‘-0’ stands for ‘deauth’, 10 is the number of times to issue, ‘-a’ signals the MAC address for the Access Point, and ‘-c’ signals the MAC address of a connected client. Aireplay creates packets that look like they come from the Access Point that are directed to a client. These packets contain a deauthentication message which disconnects the client from the AP. If the client has the ‘connect automatically’ option checked on their device, the device will scan for networks again, find one they know, and connect to it completely on its own. Airodump in the other terminal sees the connection and saves the handshake. No waiting involved!
Airodump confirms this capture at the top ‘status bar’, as we see ‘WPA handshake: 40:16:7E:BF:6C:A8’. Stop airodump and close the terminal. We have successfully captured our handshake, and can now crack the password.
To crack with aircrack and with most other programs, you need either a dictionary or output from another program (such as Crunch). A dictionary (or wordlist) is simply a file containing potential passwords. You can create your own by making a .txt file, writing your password in it and saving it. You can download dictionaries on the web at many places. I will use the RockYou.txt dictionary to crack my password.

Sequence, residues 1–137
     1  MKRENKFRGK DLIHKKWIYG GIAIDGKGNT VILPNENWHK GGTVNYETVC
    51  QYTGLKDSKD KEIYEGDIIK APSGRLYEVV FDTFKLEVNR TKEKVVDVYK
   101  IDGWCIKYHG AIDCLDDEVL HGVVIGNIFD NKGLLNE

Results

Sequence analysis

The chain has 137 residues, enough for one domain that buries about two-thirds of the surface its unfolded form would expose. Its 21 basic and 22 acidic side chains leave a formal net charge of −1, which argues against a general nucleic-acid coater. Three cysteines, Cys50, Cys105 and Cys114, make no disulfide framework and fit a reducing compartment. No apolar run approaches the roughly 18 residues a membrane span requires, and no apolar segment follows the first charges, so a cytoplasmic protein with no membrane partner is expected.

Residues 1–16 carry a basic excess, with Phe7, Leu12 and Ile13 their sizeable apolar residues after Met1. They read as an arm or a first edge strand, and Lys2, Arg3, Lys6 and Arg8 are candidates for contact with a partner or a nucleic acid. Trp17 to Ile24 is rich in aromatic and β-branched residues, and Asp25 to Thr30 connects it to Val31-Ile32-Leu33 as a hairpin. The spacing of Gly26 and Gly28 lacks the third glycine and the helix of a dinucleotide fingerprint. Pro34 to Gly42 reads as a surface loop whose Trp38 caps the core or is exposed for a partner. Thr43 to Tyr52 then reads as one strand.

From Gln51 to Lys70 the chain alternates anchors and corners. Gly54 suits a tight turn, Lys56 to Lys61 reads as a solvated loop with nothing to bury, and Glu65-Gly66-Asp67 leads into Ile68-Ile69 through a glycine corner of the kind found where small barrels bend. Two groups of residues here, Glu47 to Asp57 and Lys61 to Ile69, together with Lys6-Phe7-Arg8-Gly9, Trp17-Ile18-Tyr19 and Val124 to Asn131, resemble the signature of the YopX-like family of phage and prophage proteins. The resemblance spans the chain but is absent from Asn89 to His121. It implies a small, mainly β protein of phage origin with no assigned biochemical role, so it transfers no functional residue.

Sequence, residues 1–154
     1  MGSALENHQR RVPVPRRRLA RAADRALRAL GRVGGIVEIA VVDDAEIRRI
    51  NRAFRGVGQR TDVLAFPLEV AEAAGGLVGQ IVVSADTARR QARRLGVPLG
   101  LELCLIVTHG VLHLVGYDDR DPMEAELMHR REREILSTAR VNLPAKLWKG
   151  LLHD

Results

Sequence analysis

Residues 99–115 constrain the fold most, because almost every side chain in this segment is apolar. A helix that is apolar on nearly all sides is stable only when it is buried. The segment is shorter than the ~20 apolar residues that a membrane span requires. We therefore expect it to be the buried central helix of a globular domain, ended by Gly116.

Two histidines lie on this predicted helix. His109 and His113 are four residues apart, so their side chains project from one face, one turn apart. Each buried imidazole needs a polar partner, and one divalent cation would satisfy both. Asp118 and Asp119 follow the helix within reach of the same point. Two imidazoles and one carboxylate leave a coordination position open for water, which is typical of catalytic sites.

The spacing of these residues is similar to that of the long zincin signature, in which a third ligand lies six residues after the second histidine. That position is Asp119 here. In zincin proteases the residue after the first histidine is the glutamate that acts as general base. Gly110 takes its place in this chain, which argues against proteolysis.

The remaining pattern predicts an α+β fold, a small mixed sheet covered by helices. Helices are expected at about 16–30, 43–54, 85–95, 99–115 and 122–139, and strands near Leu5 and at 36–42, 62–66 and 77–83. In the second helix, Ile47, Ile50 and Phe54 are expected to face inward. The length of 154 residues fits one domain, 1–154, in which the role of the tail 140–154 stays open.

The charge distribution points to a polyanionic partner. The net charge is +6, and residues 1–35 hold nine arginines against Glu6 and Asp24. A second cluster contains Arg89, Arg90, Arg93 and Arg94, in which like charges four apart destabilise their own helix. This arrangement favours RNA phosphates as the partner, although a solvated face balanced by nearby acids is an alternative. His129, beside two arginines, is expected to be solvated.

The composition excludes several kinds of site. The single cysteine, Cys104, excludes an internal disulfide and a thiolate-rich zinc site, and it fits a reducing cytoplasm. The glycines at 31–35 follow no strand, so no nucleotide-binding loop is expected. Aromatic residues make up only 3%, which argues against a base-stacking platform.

In the terminal, type
sudo aircrack-ng -w wordlists/Rock* pcaps/test*.cap
‘-w’ signals the location of the dictionary, and the last argument is always the location of the .cap file. In most linux distros, the * character stands for ‘wildcard’, meaning it will search for files beginning with anything before the * and ending with anything after.
Now, you simply wait for aircrack to test all passwords in the file provided, and to hopefully find a key.
My password, which happened to be my name in this instance, was found in the RockYou.txt dictionary, freely downloadable by anyone. Looks like I’ll have to make a stronger password.
And thats it. I hope this tutorial helps you out.
In the future, I will replace this bit of text with links to the other, faster ways passwords can be cracked. Check again soon!